Friday, November 28, 2008

is it ok to like the gays?

There's a gay Jewish blogger out there (www.almostkosher.blogspot.com) that I discovered the other day. He's married (to a boy) and recently converted, Conserva/Reform style, to Judaism. In a comment on FrumSatire's recent post (based on one of our late night chats), Brian Judd asked about the halachas involved with gay men being able to go to a mikvah with other men.

Interesting question. My friends have actually wondered about that. Where do "the gays" fit in in an Orthodox setting? Do they have to be shomer negiah around men too? And do shomer rules not apply around women? (same q goes for the "lady gays" too)

I know doing the gay thing isn't exactly kosher. Ok, it's downright treif. And kinda gross when you think about the logistics of it (from a hetero standpoint at least! to quote Ben Affleck's character in Chasing Amy, "there are in holes and there are out holes" lol ok, too graffic huh? Babysitter - keep your eyes closed!)

But I remember taking a sociology class taught by an openly gay professor. He wasn't your 'typical' gay guy - he was pretty old, gray hair, big glasses, really overweight and had a horrible sense of style. He once talked about how hard it was for him when he was in his teens and twenties - growing up during a time when the perfect Pleasantville family was considered the ideal norm and when no one, not even celebrities, came out of the closet. His family pretty much shunned him. He spoke about how he would wish he wasn't gay, how it wasn't an option for him not to be. It was who he was.

I'm not going to debate the whole nature vs. nurture issue right now. Whether or not people are born gay is something that I can never really figure out. But the Torah says that acting on 'gay urges' is wrong. So could the Torah truly ban something that people are not able to control?

Despite what the tefillin daters may say, I do think that sexuality is something you can control. Just like you can control the urge to eat an entire bag of Miss Vickie's Jalapeno Chips (oooh so good). It may be harder to stop once you've had one chip (they say you can never each just one!), but you can always stop. And if you leave the bag closed, you (and your hips) are much better off.

There is this gay Jewish boy that I know. One day he told me how depressed he was that he was single (his ex had moved on - to a sheigitz!). It occurred to me that he would reallly get along with this other gay Jewish boy I knew. I was all excited to make the shidduch! (lol i'm a future yenta!) But then I wondered - was I being an accomplice to a potential sin? It turned out that gay boy #2 didn't think gay boy #1 was so attractive, so it didn't work (potential sin avoided!).
But was I in the wrong?

Despite knowing that being gay goes against my Ortho beliefs, I can't help but love being the Grace to my gay friends' Will. (Lesbians, Im not too into.... maybe Ive been hit on one time too many and it freaked me out) But gay guys are like girl friends that can give you a boy's perspective. So is it ok to like the gays?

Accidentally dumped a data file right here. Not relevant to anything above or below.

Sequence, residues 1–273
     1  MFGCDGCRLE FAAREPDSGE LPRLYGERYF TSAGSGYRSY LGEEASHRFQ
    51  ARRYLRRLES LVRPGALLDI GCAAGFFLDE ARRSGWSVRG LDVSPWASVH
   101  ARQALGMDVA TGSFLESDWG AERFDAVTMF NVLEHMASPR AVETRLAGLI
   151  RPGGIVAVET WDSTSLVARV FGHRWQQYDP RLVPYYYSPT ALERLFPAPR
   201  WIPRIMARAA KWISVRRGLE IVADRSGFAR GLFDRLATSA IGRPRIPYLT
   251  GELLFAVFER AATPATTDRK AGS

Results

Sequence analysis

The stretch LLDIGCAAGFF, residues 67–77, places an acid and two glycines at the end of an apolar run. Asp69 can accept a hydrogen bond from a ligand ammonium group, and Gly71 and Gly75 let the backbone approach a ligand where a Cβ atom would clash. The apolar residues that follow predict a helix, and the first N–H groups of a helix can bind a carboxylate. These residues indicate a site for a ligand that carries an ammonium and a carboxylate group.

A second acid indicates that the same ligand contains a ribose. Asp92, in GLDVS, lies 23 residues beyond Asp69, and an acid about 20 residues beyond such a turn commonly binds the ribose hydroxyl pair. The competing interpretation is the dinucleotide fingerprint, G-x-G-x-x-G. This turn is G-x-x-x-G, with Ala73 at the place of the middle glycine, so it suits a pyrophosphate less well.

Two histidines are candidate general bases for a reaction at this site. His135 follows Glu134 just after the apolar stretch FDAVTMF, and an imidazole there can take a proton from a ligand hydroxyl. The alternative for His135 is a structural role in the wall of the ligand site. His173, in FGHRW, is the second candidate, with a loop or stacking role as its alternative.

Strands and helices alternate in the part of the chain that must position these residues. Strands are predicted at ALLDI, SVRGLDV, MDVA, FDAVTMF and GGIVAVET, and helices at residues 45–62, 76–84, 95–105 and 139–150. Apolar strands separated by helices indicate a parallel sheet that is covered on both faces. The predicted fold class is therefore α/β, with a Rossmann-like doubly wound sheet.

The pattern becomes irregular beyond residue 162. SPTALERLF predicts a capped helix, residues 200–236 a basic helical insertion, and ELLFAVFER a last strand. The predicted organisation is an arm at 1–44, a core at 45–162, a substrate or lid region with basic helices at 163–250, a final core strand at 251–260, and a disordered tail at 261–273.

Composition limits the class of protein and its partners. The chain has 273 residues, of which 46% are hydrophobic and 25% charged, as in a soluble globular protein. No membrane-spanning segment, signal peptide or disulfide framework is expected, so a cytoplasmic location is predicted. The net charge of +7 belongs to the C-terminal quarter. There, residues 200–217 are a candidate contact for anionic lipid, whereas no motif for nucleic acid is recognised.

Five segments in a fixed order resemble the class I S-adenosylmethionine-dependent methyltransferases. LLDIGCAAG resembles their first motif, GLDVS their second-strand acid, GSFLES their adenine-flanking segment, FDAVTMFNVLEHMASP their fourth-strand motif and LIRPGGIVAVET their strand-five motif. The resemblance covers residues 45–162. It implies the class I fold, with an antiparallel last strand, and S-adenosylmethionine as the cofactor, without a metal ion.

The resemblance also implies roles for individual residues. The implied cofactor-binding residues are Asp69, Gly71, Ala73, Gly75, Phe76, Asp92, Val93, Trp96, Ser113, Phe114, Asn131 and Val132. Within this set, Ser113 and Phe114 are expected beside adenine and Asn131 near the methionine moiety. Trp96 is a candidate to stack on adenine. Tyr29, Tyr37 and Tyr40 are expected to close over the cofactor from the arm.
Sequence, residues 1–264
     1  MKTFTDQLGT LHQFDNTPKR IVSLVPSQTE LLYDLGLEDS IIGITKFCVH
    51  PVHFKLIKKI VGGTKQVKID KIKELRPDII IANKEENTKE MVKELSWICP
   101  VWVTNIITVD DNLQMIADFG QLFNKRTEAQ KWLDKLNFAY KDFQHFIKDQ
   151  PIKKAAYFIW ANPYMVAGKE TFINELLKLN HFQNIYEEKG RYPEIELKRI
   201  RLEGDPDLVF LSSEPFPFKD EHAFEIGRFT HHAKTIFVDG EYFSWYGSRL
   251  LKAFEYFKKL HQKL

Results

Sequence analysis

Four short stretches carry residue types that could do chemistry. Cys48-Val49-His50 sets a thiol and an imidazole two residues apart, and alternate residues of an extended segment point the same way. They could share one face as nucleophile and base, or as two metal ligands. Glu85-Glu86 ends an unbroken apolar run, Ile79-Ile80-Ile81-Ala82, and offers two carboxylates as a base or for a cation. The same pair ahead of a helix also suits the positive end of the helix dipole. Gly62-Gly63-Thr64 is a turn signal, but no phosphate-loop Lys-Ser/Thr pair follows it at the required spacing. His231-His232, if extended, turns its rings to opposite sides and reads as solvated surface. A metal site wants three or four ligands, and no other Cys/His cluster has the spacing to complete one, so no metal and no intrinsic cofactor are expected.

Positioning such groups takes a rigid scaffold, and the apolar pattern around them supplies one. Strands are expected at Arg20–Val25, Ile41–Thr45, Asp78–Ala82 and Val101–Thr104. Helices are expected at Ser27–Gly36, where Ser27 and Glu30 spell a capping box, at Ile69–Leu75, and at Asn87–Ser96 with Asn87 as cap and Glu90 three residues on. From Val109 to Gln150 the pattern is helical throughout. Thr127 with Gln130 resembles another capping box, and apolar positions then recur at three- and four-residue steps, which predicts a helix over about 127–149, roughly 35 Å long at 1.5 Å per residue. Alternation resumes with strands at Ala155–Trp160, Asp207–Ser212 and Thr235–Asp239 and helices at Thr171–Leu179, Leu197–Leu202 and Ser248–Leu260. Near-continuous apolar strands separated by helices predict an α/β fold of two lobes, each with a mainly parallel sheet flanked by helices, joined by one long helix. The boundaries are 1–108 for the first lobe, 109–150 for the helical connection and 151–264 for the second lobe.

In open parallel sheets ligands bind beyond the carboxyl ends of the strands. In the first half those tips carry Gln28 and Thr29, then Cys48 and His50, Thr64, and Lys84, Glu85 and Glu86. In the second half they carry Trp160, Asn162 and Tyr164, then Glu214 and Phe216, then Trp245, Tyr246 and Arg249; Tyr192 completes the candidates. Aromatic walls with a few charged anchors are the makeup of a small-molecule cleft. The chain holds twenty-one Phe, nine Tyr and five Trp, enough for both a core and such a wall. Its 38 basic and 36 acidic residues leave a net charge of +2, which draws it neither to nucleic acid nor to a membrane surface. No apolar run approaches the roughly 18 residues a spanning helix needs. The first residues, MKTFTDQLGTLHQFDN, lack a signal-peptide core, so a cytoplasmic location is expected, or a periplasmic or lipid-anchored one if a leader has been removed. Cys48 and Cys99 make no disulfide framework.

9 comments:

frumpunk said...

I've no problem with the gays, I work with a few, but the really bitchy and effeminate ones creep me out.
As for the Torahs perspective, I think its recognised that gayness is something your born with, but they say its just that persons nisayon in life, thats what they have to overcome.

The Babysitter said...

"Babysitter - keep your eyes closed!

Your too cute! I think I actually get that line thanks to a Jewish Professor of mine.

o, you just reminded me of something. There was a gay guy in one of my classes. I totally forgot about him, the only way I knew was because it was a political science class so he was always speaking up about gay rights and stuff. He was actually friends with a Jewish girl, and I thought that was weird at that time.

"So could the Torah truly ban something that people are not able to control?"

Who says they can't control it, if Hashem banned it then it shows it's something that does exist, that people have urges for, and something that can be overcome. (ahh now I see you already said that you can control it)

I hadn't thought about if it's assur to set a gay couple up. That's a good question.

Jessica said...

My theory is that you hate the deed not the person. You can love the gays all you want, but when it comes to the Torah, you don't love the act of being gay.

Pinny said...

"Whether or not people are born gay is something that I can never really figure out. But the Torah says that acting on 'gay urges' is wrong. So could the Torah truly ban something that people are not able to control?"

I agree. If we really could not be expected to control innate urges, than none of us would be toilet trained.

Anonymous said...

It's not against halacha to be gay, which is probably something you are born with. However, it is against halacha to have male gay relations. I don't think there is any actual halacha for women, is there?

Anonymous said...

Is it better to set up a gay guy with some innocent BY girl thinking she'll magically cure him?

Miri said...

"Despite what the tefillin daters may say, I do think that sexuality is something you can control. Just like you can control the urge to eat an entire bag of Miss Vickie's Jalapeno Chips (oooh so good)..."

Sexual urges are hard to NOT act upon, but it's easier to "control sexuality" when there is an end in site. Once you get married, not only is sex allowed, it actually becomes a holy act. However, if someone were to tell a straight, shomer negiah person that they would have to be celibate for the rest of their lives, this halacha would be (even more ) widely ignored. So, imagine how it is for a gay, frum person when there is NO end in site? I really dont think any of us are in a position to judge what they are going through.

frumsatire said...

Well said Miri

Miri said...

thanks frum!